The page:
Sacred Architecture

Benedict XVI and the Way of Beauty

 Something unusual is revealed here as well: the house of God is the true house of humans.  It becomes the house of humans even more the less it tries to be this and the more it is simply put up for him.  — Pope Benedict XVI In modern memory, has there been a Pope who [...]

Modern Ambiguity Amid Baroque Splendor

We are all familiar with the truism that a picture is worth a thousand words, and there are likely few places in the world where its use is more appropriate than the Eternal City. Rome is a city of messages. To walk in centro—that is, through the historic city center—is to move figuratively through three [...]

Against the Senseless Destruction of Churches

Last year, L’Eglise de Notre Dame de l’Assumption, in the old fishing port of Arichat, Nova Scotia, celebrated its 175th anniversary.  Its twin spires overlook the bay where John Paul Jones, to Americans a hero but to loyal Canadians a pirate and a traitor, once trained his guns, and sure enough, near the corner of [...]

The Casino and the Cathedral: On Recovering Our Abandoned Culture

Today’s pagan temples and chapels—capitalistic institutions bent on money making no matter what—have appropriated Catholic styles, symbols, art, liturgy, and rubrics just as Catholics have lost confidence in them. They are winning and we are not. It’s time for Catholicism to become newly aware of the richest of our own symbols lest we lose out [...]

After Architectural Modernism

It was the summer of 1947. The Second World War was still a painful recent memory, and much of Europe was still a bombed-out shambles.  The Korean War was still three years in the future, and the Second Vatican Council wouldn’t convene its opening sessions for another fifteen years.  During this summer, a fifty year-old [...]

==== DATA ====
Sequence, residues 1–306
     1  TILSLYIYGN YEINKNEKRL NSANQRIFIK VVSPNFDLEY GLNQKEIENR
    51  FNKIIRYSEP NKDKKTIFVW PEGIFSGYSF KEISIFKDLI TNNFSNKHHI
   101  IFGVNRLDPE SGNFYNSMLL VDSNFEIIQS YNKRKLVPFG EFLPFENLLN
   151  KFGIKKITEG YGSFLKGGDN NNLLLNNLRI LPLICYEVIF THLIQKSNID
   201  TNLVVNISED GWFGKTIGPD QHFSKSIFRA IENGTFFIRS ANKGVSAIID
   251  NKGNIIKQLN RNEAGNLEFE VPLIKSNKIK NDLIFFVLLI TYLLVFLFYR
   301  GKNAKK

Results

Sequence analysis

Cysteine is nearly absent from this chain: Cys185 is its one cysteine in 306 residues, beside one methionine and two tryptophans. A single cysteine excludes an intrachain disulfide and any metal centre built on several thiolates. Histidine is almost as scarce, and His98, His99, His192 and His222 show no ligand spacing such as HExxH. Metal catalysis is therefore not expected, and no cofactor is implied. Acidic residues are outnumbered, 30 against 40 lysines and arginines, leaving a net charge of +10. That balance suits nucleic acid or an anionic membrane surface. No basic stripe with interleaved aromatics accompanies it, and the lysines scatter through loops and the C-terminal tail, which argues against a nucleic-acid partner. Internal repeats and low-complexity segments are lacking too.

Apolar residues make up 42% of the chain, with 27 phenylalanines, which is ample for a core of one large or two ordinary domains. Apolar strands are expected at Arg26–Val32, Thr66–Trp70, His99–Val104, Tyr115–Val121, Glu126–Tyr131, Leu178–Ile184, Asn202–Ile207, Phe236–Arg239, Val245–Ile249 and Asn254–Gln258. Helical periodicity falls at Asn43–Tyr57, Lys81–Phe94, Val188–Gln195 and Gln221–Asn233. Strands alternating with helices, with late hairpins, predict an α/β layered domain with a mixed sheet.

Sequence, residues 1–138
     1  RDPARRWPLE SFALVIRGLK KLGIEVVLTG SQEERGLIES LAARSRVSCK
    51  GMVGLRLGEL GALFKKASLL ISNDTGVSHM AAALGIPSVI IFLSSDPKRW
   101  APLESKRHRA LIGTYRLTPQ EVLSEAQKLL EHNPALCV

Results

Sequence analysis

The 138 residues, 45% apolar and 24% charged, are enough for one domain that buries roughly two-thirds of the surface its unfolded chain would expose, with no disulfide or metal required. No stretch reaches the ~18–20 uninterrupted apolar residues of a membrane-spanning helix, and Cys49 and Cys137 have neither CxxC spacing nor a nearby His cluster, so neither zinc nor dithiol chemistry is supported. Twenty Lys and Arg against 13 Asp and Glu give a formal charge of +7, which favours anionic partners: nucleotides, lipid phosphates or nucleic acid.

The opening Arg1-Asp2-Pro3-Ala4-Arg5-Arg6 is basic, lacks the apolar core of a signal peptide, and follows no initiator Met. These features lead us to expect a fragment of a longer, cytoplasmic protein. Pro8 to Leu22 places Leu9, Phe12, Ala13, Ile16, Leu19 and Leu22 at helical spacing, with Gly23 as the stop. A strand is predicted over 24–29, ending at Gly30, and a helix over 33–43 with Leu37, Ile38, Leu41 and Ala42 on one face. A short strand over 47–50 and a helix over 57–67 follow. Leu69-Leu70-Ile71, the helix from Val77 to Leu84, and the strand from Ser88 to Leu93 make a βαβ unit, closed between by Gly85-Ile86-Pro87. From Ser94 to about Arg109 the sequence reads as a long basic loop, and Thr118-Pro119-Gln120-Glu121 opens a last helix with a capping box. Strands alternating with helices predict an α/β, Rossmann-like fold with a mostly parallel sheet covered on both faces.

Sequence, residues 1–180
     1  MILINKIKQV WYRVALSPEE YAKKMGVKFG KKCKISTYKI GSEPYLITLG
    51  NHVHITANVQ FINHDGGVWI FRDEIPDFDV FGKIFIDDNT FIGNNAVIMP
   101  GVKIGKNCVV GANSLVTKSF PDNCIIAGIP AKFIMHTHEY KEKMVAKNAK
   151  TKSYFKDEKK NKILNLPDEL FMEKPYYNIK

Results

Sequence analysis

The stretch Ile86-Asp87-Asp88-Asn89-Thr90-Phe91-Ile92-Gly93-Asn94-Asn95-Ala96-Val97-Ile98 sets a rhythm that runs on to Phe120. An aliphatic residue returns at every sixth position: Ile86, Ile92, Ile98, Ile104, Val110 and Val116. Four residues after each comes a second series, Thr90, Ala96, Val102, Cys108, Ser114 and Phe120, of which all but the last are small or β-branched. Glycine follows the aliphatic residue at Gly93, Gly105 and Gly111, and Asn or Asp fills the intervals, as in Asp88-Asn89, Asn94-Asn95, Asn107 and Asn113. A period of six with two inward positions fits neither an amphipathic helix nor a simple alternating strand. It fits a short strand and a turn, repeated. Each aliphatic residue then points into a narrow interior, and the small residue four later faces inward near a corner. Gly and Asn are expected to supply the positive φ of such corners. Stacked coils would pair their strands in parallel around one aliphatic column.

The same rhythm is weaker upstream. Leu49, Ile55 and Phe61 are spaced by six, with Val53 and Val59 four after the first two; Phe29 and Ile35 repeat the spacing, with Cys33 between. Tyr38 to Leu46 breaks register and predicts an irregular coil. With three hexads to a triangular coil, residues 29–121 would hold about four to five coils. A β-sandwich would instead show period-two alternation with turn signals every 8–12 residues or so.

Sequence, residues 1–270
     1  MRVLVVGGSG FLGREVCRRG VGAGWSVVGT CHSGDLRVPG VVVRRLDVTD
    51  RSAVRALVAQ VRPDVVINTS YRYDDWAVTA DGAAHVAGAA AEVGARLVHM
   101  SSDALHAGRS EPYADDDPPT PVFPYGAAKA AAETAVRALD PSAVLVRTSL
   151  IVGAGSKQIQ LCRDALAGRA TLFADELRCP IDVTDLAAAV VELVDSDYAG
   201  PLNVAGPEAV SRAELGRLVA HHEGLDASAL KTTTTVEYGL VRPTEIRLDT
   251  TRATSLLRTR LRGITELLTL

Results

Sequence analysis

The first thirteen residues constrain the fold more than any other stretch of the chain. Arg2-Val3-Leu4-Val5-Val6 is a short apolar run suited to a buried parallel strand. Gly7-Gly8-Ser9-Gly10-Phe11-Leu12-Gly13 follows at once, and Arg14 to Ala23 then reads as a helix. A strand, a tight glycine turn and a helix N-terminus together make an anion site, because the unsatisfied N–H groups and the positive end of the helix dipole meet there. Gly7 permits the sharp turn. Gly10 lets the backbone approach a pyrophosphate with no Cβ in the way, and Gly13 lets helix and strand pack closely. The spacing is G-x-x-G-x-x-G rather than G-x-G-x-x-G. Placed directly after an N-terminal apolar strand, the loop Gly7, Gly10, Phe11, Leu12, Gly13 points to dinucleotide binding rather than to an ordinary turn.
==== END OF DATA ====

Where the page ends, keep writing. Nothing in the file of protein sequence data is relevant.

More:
How John Paul II Restored Liturgical Sanity

We tend to think of the papacy of Benedict XVI as the papacy that put the Catholic liturgy back together again, turning the “hermeneutic of rupture” into the “hermeneutic of continuity.” Rarely receiving the credit for preparing the way is John Paul II, who labored mightily and brilliantly during his pontificate—in a long and consistent [...]

Why Seminarians Should Study Sacred Art and Architecture

One of the recommendations of Vatican II was that priests be formed in the arts: “During their philosophical and theological studies, clerics are to be taught about the history and development of sacred art, and about the sound principles governing the production of its works. In consequence they will be able to appreciate and preserve [...]

Fashion and Design Ideology in Sacred Architecture: A Review of the Cathedral of Our Lady of the Angels

Where to begin? Well, there are hardly any right angles in this building. Broken forms, discontinuities, and protrusions in its geometry both inside and outside characterize the Cathedral of Our Lady of the Angels. Such imbalance and departure from mathematical harmony is usually explained away by labeling it a “postmodern-deconstructivist” building, as if style were [...]

A Tale of Two Cathedrals: Why “Traditional versus Modernist” Tells Only Part of the Story

Here we have two recent Cathedrals of similarly grand scale and with contrasting architectures. The juxtaposition of the two styles makes an interesting case study for the “traditional versus modernist” debate over which architectural style is most appropriate for worship. Debates of this kind usually begin over obvious characteristics of style. But following a close [...]

The Sculptor of the Beau Dieu

He lived in an age when artists were beginning to make names for themselves. The master-mason Hugues Libergier, whose funerary slab may be seen today in the cathedral of Reims, was his contemporary. Robert de Luzarches and Thomas de Cormont, the masters of the work at Amiens, were his collaborators. The century before, one who [...]

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